Pleasant discoveries

Not only does Elif Batuman have a blog, but she has just posted a long and favorable review-essay of a self-published collection of short stories by Ezra Koenig, a former student of mine who happens to be the front man of Vampire Weekend, a preppy Afro-pop band whose new album goes on sale tomorrow, 29 January 2008. Pitchfork calls the album “one of the most refreshing and replayable indie records in recent years,” and Elif calls Ezra’s short stories “really fun.” I happily concur with both assessments (though I don’t think the stories are for sale anywhere), and also recommend the “takeaway concerts” that Vampire Weekend recently did for La Blogothèque. (I’ve linked to the French version of the page, because the descriptive prose is wonderfully plummy. The geniality of the French comments caused me to spin a largely evidence-free theory that perhaps the Francophone blogosphere has a sunnier and more generous disposition than the Anglophone one. Please don’t disabuse me right away, anyone.) Be forewarned that, in general, watching Blogothèque concerts causes one to overlook the inconvenient truth that one is without musical talent and wish that one were twenty-five and living in Paris as an indie rocker. Fortunately, with practice it is possible to keep the daydream so vague that one need not specify an instrument.

While I’m on the topic of recommending miscellaneous pleasures, I’ll also link to Amy Elkins’s photographic portraits of shirtless young men of unorthodox body-types in front of floral wallpapers (the one reminiscent of the young Beau Bridges as he appeared in the bathtub scene in Hal Ashby’s The Landlord is currently hanging in the Yancey Richardson gallery in New York, which is how I happened across Elkins’s work), and to Alan Hollinghurst’s very funny review (online for subscribers only) of Sheldon Novick’s second volume of Henry James biography.

“Steamboats” is moving

All nine of you who read this blog regularly, please adjust your bookmarks. I’m moving to a new location: Mostly because of the elephant, which you’ll see if you click through. But also because it’s a shorter URL to type, because there’s the promise of allowing comments again (if the anti-spam tools work as advertised), and because this server goes down a lot. I’ll leave this site up for a while, anyway, as an archive, but not forever.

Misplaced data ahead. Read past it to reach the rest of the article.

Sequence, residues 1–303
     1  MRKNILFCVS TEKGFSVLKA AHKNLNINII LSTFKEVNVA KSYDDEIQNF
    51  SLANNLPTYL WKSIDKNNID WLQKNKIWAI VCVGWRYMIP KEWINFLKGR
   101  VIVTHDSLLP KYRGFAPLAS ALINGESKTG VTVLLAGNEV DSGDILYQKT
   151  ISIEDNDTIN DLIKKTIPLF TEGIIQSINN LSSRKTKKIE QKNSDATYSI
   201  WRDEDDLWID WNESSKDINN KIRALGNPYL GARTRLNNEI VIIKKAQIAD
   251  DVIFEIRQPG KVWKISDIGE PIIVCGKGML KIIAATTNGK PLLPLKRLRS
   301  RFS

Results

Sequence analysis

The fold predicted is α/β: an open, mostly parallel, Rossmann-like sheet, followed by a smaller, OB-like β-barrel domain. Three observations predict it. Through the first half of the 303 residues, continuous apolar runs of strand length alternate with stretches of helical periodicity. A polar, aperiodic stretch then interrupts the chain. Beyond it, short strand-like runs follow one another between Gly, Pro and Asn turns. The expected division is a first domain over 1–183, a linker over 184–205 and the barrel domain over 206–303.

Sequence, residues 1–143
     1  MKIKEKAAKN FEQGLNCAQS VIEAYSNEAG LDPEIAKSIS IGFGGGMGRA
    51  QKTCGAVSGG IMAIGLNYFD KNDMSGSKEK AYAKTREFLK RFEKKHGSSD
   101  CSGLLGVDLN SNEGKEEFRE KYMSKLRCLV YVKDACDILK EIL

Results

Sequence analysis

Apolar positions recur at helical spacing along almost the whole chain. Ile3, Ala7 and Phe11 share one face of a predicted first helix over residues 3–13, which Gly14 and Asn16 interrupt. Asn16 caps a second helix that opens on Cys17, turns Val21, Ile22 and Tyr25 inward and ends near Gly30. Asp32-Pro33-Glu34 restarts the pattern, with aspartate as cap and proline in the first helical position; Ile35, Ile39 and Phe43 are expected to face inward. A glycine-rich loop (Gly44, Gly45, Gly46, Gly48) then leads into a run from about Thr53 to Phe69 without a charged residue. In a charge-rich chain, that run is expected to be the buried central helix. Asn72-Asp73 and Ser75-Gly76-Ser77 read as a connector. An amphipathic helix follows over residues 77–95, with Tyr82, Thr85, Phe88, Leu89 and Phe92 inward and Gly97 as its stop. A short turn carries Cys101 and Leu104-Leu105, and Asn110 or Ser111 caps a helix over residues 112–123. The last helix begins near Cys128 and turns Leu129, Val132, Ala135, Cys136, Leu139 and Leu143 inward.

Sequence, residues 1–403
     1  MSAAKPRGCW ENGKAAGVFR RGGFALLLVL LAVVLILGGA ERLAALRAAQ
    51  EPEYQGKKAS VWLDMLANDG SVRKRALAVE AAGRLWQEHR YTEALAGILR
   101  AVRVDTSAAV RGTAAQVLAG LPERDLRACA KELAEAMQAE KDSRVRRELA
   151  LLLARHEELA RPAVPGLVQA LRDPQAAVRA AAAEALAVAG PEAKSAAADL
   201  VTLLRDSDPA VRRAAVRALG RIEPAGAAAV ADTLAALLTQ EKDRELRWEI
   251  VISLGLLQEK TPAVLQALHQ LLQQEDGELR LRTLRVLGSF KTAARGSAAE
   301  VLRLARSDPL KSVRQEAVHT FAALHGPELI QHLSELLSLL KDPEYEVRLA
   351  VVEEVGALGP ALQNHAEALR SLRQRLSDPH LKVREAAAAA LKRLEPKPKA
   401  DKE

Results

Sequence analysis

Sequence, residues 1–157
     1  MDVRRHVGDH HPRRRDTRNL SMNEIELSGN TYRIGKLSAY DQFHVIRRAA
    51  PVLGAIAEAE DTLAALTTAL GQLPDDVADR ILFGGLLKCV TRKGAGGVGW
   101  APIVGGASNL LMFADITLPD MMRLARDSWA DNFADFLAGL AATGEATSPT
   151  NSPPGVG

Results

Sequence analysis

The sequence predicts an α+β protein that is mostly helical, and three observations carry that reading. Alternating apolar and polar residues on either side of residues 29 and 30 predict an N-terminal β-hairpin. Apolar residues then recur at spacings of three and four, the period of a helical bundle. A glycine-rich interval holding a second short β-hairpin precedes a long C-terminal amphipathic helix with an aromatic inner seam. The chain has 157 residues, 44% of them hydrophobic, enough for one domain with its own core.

At rest in the park

Peter has been reading Jonathan Lethem’s essay collection The Disappointment Artist, and he reported to me yesterday morning that, according to Lethem, Montgomery Clift is buried in Prospect Park. Not only that, but I walk past his grave whenever I take the dog to the Nether Mead.

Forgotten New York confirms it. When the park was laid out, it surrounded a Quaker cemetery but didn’t absorb it, and the cemetery survives, like a mitochondrion inside a eukaryote. It’s still private property. Since it was nice here yesterday, I took my camera and walked around the barbed-wire perimeter. Just up from a baseball field, in a sort of alcove under some trees, there’s a decent sight line, but not a great one. A sleeping man in a camouflage shirt, boots, and a trucker’s hat roused himself for just long enough to assure himself that my presence was no more than documentary. No sign of Clift per se. (The whole thing is completely invisible in Google Earth, by the way, because their satellite pix were taken in summer, and the tree canopy covers it.)

Since I had the camera out, I also took this, an exposed cross-section of the layers that compose our street. We have no running water during the day this week, which is so nineteenth-century it’s eighteenth-century.

Byron’s lapdog

In the department of hitherto-unnoticed nineteenth-century antecedents to indie-hipster pop songs of the early twenty-first century, today we consider the fetching and puzzlingly mild Swedish rocker Jens Lekman.

Lekman sings a song titled “When I Said I Wanted to Be Your Dog,” on an album of the same name, in which he imagines a relationship with his beloved somewhat like the elegiac, cross-species love in David Garnett’s novel Lady into Fox (which you should drop everything in order to read, if you haven’t already):

You can take me for a walk in the park
I’ll be chasing every single lark
I’ll be burying all the skeleton bones
Peeing on every cold black stone

As it happens, this trope has been deployed elsewhere—notably, in the out-of-control screed that Harriet Beecher Stowe wrote in the Atlantic in 1869, when she heaped shovelful after shovelful of sexual condemnation onto Byron and championed his wife. In Stowe’s narrative, after Lady Byron concludes that her husband is not only incest-prone but also insane, she has a moment of regret before she leaves him—and his sister—forever:

On the day of her departure she passed by the door of his room, and stopped to caress his favorite spaniel, which was lying there; and she confessed to a friend the weakness of feeling a willingness even to be something as humble as that poor little creature, might she only be allowed to remain and watch over him. She went into the room where he and the partner of his sins were sitting together, and said, “Byron, I come to say good by,” offering at the same time her hand.

Note that sometime in the course of the intervening century and a half, the Romantic poet-figure went from having the dog to being the dog.

Note: Peter adds that I ought also to have referenced Iggy Pop’s “I Wanna Be Your Dog.”

Dame Muriel

Kill Fee reminds me that I posted an essay on Muriel Spark last year, and that now is the time for me to re-link to it. Here are the New York Times (“bleak and side-splitting”) and the Guardian (“curiously posh-Scottish camp”) obituaries, and here’s Stacey D’Erasmo’s 1997 interview.

UPDATE: Maud Newton has a great round-up of Spark criticism, including excellent essays by Ben Anastas and James Wood.